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Subscribe to this list via RSS Blog posts tagged in Xen

Next Generation High Density App Servers Don't Require Scrapping Your Hypervisor

Recently, I sat in a conference session extolling the seemingly endless virtues of Linux Containers.  I heard claims that hypervisors were old hat: ancient bloated engines which rely on inefficient replication of a large operating system stack in order to serve up applications.  The speaker painted a picture of a future where hundreds of applications are virtualized on each piece of hardware.  "What is really needed," glowed the speaker, "is a lightweight, efficient means of serving up application: containers."

Containers are cool, but not a panacea

Containers share the same kernel as the host, so they are not burdened with the extra memory and CPU cycles it costs to replicate a full operating system stack in a hypervisor scenario.  Compared to hypervisor-generated virtual machines, containers can be fast and lean.  But they are also limited.  

Since Linux containers share the same kernel as the host, it is impossible to run Windows.  Or FreeBSD. Or NetBSD.   Or another version of the Linux kernel.  Or another Linux distribution which requires a different kernel.  All of those scenarios are best handled by a real hypervisor.  And the security aspect of hypervisors is huge, worthy of a separate blog entry of its own.  Still, if you need an environment within your organization where many workloads can leverage a single kernel environment, containers can be a viable solution.

However, some of the most vocal container advocates insist that these problems relating to containers are really application problems in disguise.  Issues about kernel support and security are the results of improper application design, they claim.  When we raise the bar on applications so that they are based solely on access to application servers, then the objections to containers will melt away -- and so will hypervisors, for the most part.  Or that's what some of these advocates claim, at least.

The death of the hypervisor is greatly exaggerated

But is there another scenario which could answer the call for highly responsive and lightweight virtual instances which does not use the container solution?  Maybe one that can actually leverage the flexibility and security which is part and parcel with most hypervisors?

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I have been working with Clouds since before the coining of the term itself (back then, the startup I was working for called it "Agile Infrastructure"; now it's known as "IaaS"). From the very beginning, a frequent blocker to adoption has been the question of security. "We can't go to the Cloud because it is simply not secure," goes the complaint.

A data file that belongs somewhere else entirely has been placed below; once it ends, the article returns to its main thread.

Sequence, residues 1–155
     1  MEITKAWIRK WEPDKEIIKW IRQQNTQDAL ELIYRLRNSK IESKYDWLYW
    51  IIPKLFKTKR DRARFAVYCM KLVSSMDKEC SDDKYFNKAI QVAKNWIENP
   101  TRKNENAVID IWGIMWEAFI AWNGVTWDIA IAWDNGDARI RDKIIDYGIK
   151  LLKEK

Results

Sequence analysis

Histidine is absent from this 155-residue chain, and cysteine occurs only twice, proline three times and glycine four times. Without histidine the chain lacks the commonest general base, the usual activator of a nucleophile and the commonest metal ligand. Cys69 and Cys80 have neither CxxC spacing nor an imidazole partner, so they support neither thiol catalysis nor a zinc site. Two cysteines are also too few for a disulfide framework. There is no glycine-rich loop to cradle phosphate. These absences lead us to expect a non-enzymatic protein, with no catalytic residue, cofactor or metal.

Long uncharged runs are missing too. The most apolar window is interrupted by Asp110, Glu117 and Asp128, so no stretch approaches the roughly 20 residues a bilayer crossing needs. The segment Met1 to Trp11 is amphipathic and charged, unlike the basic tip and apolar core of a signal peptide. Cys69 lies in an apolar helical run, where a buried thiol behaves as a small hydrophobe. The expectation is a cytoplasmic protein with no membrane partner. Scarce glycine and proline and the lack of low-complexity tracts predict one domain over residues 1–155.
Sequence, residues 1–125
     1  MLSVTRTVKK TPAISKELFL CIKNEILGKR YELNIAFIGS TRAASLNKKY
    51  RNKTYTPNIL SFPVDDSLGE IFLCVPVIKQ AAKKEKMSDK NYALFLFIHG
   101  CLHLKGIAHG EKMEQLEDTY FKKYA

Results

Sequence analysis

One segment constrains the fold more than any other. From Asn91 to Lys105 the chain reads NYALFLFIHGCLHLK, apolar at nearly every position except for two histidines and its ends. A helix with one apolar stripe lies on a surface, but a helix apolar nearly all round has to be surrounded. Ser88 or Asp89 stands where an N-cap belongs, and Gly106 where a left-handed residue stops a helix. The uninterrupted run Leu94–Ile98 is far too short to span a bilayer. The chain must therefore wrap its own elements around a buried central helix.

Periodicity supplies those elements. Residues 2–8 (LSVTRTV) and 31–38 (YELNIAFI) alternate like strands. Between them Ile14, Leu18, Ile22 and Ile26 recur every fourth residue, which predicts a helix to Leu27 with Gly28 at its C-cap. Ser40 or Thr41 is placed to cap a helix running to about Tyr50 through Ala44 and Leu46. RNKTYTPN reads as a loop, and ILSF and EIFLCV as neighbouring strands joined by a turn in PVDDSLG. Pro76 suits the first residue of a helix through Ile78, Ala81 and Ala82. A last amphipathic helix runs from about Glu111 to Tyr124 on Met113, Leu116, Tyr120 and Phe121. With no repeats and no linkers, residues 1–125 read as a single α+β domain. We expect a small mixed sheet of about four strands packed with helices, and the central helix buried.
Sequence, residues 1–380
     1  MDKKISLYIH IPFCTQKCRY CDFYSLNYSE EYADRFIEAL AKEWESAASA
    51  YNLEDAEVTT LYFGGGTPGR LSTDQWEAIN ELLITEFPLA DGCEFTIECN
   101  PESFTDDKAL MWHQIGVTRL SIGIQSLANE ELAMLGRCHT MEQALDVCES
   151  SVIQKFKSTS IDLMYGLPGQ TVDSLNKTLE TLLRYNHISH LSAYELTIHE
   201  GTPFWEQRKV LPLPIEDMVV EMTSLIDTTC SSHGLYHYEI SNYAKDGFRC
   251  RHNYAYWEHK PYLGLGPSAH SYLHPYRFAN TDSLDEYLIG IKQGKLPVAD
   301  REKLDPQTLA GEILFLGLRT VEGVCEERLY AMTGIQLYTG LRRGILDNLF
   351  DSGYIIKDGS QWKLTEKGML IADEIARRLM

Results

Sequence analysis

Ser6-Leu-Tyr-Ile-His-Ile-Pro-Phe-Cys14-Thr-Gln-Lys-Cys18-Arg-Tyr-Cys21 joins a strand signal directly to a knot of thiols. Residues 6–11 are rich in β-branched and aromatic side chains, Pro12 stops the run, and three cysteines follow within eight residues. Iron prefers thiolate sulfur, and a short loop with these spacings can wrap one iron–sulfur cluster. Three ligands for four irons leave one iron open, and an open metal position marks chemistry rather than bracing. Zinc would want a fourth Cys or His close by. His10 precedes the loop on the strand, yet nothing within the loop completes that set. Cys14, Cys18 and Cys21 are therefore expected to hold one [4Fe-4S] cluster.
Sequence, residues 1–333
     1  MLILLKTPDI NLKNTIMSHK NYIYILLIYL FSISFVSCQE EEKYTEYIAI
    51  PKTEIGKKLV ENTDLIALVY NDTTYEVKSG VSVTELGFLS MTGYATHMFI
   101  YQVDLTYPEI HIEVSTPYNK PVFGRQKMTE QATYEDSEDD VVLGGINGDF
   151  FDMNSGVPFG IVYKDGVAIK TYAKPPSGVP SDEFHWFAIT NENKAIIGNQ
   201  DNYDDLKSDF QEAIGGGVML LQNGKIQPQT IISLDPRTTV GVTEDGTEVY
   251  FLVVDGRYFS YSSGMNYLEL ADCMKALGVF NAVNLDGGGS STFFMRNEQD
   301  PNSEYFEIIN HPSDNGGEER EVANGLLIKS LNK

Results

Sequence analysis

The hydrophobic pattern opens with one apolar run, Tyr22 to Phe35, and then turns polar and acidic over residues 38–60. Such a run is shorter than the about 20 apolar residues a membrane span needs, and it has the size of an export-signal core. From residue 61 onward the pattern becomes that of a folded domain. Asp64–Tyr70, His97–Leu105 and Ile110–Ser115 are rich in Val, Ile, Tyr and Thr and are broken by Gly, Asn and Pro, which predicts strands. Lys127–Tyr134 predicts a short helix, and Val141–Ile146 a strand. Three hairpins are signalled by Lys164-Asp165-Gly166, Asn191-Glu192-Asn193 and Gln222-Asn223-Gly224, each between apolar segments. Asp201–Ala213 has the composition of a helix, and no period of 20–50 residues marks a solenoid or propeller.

Well, I'm here to say it's bunk -- pure bunk. There is NO new security problem in the Cloud.

There is, in fact, a security problem in external Clouds -- but it is already in your data center right now.

If you take a truly secure system and place it in an external or hybrid cloud, it will remain secure. Simply exposing a secure system to a larger number of potentially hostile assailants is not enough to make it vulnerable. No, a truly secure system is designed to remain that way even during escalating pressure.

The problem is that very few of our current systems are truly secure. They rely heavily on the notion that threats are few behind the corporate firewall, so they don't need to have air-tight security. That concept is -- and always was -- a mistake. And now that conditions are changing in the Cloud, the inappropriate assumption is causing major headaches. The leaks in the boat are becoming apparent now that it is finally in the water.

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Open Source Cloud Projects to Watch

Posted by on in Open Source

We often have our heads down looking at the projects we regularly work on (Apache CloudStack and Xen Project) and don't always pay attention to the other cool things going on in the open source world. So once and a while it's good to poke your head up olut of the clouds and take a look at some of the awesome projects being developed in the open source community. These projects are very promising and especially usefully for cloud comptuing.  

Hybrid Cloud => Segregated Workloads

I am not convinced of the hybrid cloud scenario as espoused by many cloud pundits. I think it's more theoretical then the common place. What I do think happens is that organizations are using the public cloud and private cloud simultaneously with different applications in each and will continue to do so. That's why I like some of these tools that help users manage mutliple clouds (hopefully one of them will be Apache CloudStack ;) from a single tool.